In fairness, the field lacks an abundance of credible and inspiring candidates. But c’mon.
Game, set, match?
Ninety-three lawmakers have endorsed Hillary Clinton’s 2016 run for president, locking down nearly 40 percent of all Democrats in Congress, according to a survey by The Hill.
Sixty-five House lawmakers, more than one-third of the 188 Democrats in the chamber, as well as 28 senators, more than 60 percent of the upper chamber’s 46 Democrats, are in the former secretary of State’s camp.
Fourteen of the 23 current Democratic senators who served alongside Clinton during her tenure in the upper chamber are also backing her bid.
There is nowhere near as much uniformity on the Republican side of the ledger. The field is growing each and every day, and ranges from staunch Tea Party conservatives to more establishment types. Moreover, there is more than one kind of candidate for every ideological bent, or political persuasion, Republican voters may be looking for. GOP primary-goers therefore will have as many as a dozen different candidates to choose from, from all different regions of the country. Needless to say, this is why most Congressional Republicans (although not all) are hedging their bets and aren't serving as surrogates yet. It’s simply too early in the nominating process to start taking sides.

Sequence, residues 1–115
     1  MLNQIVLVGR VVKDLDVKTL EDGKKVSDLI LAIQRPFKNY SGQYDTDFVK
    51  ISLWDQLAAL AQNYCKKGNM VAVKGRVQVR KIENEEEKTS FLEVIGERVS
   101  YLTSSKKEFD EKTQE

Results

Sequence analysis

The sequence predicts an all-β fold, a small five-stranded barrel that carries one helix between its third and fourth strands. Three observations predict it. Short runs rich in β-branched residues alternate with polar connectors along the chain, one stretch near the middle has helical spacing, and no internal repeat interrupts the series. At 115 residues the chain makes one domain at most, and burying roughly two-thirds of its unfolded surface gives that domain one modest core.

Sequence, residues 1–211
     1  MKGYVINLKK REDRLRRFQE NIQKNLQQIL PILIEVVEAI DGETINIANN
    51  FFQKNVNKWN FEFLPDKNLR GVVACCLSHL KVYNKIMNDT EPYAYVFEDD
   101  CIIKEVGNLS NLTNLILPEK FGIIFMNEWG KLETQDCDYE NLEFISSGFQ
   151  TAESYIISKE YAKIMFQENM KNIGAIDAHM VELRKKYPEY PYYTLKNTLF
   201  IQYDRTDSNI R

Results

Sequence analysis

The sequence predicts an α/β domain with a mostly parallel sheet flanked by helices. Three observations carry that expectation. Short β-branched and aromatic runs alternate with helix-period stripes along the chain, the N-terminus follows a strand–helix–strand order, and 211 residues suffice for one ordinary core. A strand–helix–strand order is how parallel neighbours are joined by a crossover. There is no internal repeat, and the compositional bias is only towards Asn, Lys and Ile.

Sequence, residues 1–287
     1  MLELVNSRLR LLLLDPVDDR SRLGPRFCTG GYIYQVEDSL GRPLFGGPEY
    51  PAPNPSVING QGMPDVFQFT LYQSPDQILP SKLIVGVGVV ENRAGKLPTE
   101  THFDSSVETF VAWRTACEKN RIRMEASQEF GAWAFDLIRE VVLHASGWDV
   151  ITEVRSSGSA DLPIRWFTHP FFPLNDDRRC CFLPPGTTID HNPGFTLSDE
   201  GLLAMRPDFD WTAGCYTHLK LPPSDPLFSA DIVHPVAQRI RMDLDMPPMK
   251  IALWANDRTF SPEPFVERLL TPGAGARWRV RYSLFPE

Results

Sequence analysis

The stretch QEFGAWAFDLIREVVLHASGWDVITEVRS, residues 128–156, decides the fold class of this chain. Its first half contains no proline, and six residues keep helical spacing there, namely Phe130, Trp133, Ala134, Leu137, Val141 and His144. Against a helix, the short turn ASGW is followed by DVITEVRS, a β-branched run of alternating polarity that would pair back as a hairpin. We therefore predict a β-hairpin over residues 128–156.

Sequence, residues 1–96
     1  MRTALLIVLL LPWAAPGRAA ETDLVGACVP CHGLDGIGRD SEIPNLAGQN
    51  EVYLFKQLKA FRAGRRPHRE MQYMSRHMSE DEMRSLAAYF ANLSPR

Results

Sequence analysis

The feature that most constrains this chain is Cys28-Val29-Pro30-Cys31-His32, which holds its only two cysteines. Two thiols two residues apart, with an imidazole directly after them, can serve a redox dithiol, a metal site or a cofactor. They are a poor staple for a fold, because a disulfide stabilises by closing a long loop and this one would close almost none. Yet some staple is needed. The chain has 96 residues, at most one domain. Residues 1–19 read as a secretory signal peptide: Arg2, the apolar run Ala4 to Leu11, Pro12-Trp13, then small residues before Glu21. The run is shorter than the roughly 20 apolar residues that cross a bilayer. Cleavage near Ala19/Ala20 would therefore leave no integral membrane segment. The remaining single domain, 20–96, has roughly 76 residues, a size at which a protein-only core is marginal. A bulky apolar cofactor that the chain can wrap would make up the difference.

Some have argued—rather persuasively, I might add—that the Democratic primary was effectively over when Hillary announced she was running for president. Watching the Democratic establishment line up like sheep behind her certainly reinforces that belief. I guess we really shouldn’t be surprised.